Fouzia Najar

FPP will be screening the film “The Semiotics of Islam” at our next event on February 3rd! We spoke with filmmaker Fouzia Najar about the inspiration for the film and about her current work documenting post traumatic stress disorder in the chronically embattled Kashmir region.

Can you tell us a little bit about the provenance of “Semiotics of Islam” and what inspiration you took from the seminal feminist film “Semiotics of the Kitchen”?

The first time a friend lent me Martha Rosler’s piece, I watched it multiple times in a row. The kitchen is an oppressive space for the woman, and the actor pantomimes using everyday utensils in an increasingly aggressive way.  However, it’s very much a product of second-wave feminism and I wanted to update it to speak to a more diverse group of women.

NAJAR-Semiotics2Who do you imagine as your ideal audience for “Semiotics of Islam”?

The ideal audience will recognize themselves in the piece. Some might identify with the actor, the items displayed or the language that the news programs use. I believe all of these people can benefit from viewing in different ways.  Usually in viewing nonfiction films, the target audience learns something, but a Muslim viewer probably won’t receive any new information from viewing “Semiotics of Islam.” They are familiar with both the items and with the media’s agenda that affects Muslim lives daily. The value for them is in representation. An Islamophobe might recognize media that s/he consumes, but I did not intend to make the film for that person, despite the jokey subtitle “A Primer for Kuffar.”

How have audiences reacted to it so far?

Not many people have seen the film, but the feedback I’ve gotten is positive and affirming. The people who seem to enjoy it most have been Muslim women.

Your current project explores PTSD in South Asia. What has surprised you most in your filming so far?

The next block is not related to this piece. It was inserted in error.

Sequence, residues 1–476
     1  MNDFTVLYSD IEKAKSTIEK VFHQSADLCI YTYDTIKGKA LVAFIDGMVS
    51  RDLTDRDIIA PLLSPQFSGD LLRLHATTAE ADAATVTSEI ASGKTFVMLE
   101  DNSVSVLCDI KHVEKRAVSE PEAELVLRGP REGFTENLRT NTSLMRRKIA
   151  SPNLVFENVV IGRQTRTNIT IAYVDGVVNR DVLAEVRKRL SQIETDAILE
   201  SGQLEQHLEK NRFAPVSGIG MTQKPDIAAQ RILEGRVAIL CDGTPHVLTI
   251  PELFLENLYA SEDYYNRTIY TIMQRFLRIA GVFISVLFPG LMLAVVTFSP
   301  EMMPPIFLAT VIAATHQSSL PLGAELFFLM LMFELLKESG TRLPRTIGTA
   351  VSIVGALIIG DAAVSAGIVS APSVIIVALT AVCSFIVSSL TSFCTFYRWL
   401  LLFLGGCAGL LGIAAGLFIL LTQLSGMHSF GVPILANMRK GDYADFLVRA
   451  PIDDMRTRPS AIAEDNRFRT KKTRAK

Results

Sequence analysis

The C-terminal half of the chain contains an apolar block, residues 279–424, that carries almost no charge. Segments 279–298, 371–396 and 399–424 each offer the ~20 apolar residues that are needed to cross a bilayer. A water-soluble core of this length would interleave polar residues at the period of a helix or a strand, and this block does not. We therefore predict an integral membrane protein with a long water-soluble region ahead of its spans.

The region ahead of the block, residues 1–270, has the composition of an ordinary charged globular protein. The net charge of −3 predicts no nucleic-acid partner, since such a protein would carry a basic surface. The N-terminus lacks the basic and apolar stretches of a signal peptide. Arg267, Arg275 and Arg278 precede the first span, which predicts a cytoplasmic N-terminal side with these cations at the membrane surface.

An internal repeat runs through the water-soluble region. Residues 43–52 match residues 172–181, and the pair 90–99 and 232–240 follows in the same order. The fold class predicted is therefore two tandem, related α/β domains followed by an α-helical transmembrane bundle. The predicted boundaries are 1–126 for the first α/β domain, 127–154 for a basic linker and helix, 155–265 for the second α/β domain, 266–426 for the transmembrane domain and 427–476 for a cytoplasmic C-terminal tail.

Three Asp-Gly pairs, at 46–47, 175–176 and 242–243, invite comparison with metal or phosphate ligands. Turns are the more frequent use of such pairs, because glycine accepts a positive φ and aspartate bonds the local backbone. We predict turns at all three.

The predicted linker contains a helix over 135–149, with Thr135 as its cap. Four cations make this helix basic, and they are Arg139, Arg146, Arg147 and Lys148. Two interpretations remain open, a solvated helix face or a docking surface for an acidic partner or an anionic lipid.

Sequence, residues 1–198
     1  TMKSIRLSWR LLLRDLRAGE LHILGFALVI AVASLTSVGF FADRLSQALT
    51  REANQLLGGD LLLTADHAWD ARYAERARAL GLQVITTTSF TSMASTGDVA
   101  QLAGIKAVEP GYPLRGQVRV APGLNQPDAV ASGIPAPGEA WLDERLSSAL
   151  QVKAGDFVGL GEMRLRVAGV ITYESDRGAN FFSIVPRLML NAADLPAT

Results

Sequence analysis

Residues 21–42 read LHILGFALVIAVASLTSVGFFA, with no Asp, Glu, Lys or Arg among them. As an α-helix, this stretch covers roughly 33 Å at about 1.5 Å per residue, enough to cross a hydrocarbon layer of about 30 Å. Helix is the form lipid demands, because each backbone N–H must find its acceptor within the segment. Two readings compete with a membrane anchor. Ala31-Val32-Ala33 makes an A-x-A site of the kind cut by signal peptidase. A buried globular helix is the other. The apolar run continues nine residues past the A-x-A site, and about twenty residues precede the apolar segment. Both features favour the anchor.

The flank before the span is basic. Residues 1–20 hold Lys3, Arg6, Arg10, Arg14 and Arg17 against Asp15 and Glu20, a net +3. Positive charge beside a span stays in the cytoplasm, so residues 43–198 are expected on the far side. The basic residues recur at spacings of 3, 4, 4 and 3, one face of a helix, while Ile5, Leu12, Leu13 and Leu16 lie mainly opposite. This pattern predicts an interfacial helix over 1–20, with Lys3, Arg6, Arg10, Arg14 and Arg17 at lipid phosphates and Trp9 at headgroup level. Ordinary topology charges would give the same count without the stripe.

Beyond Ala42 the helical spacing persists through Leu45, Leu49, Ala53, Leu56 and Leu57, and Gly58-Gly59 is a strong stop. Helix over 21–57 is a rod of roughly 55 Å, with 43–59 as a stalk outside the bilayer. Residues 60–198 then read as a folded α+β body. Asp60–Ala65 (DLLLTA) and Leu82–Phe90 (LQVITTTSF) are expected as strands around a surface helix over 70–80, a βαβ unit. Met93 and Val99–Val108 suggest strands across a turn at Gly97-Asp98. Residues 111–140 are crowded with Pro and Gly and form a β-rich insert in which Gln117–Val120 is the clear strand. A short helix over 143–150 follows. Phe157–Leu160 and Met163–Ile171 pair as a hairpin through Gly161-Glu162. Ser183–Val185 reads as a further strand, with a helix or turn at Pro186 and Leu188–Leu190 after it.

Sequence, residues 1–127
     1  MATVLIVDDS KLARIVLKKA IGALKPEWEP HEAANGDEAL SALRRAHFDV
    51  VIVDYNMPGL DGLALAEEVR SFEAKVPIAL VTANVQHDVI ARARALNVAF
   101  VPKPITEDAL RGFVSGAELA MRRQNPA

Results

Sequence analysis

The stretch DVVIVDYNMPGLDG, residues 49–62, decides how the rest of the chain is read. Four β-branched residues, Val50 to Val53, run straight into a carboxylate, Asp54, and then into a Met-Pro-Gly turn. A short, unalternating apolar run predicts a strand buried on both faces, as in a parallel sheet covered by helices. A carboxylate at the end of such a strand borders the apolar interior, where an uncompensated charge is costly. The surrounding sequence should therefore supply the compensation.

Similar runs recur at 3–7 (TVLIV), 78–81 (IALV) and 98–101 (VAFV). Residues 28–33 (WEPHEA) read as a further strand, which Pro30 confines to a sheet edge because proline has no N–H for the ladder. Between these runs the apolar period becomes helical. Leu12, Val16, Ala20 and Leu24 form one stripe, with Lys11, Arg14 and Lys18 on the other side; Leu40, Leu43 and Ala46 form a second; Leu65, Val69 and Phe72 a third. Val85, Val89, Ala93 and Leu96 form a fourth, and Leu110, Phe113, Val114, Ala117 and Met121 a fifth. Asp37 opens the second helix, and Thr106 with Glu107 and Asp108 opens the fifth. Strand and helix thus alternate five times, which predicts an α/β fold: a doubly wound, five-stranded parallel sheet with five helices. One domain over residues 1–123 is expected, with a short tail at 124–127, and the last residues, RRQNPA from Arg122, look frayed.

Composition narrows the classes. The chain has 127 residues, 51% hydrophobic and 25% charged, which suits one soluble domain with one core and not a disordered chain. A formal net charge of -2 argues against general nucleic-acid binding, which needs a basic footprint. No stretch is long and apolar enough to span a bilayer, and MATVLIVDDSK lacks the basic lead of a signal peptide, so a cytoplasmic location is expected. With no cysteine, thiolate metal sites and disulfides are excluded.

I have learned that mental health professionals worldwide did not consider that people of color experiencing war or natural disasters in their countries were suffering from Post Traumatic Stress Disorder. Rather, these experiences and their affects were just characteristic of Third World life. By the time doctors began diagnosing and treating PTSD in Kashmir in the mid-nineties, the region had already been brutally suppressed for many years, and occupied by the Indian government for almost half a century. I want to find out what happens to a society when one third of the population has PTSD.

What challenges do you see ahead in completing or screening this documentary?

It can be difficult to film in Kashmir because often the subject matter directly or indirectly criticizes the Indian government. The military presence is immense: there is one Indian soldier for every six Kashmiri civilians and their actions are often arbitrarily violent. The last time I was there, I used nonprofessional equipment, claimed to be a wedding videographer, mislabeled my media, and depleted my camera batteries so that no officials could view my footage. Visiting filmmakers, journalists and activists have to be careful, but Kashmiri people of all vocations have no recourse.

I hope to ultimately screen the documentary there, but Kashmir has no movie theaters. Even gatherings on religious occasions twice yearly are subject to curfew, so public assemblies (like an outdoor movie screening) are dangerous. Still, I hope to reach people with the film.

Can you tell us a bit about the difference between filmmaking in collaboration, as part of the television series, and making your own, independent projects?

In collaborative filmmaking, you have support; in a television series, you have money; and in independent projects, you have control.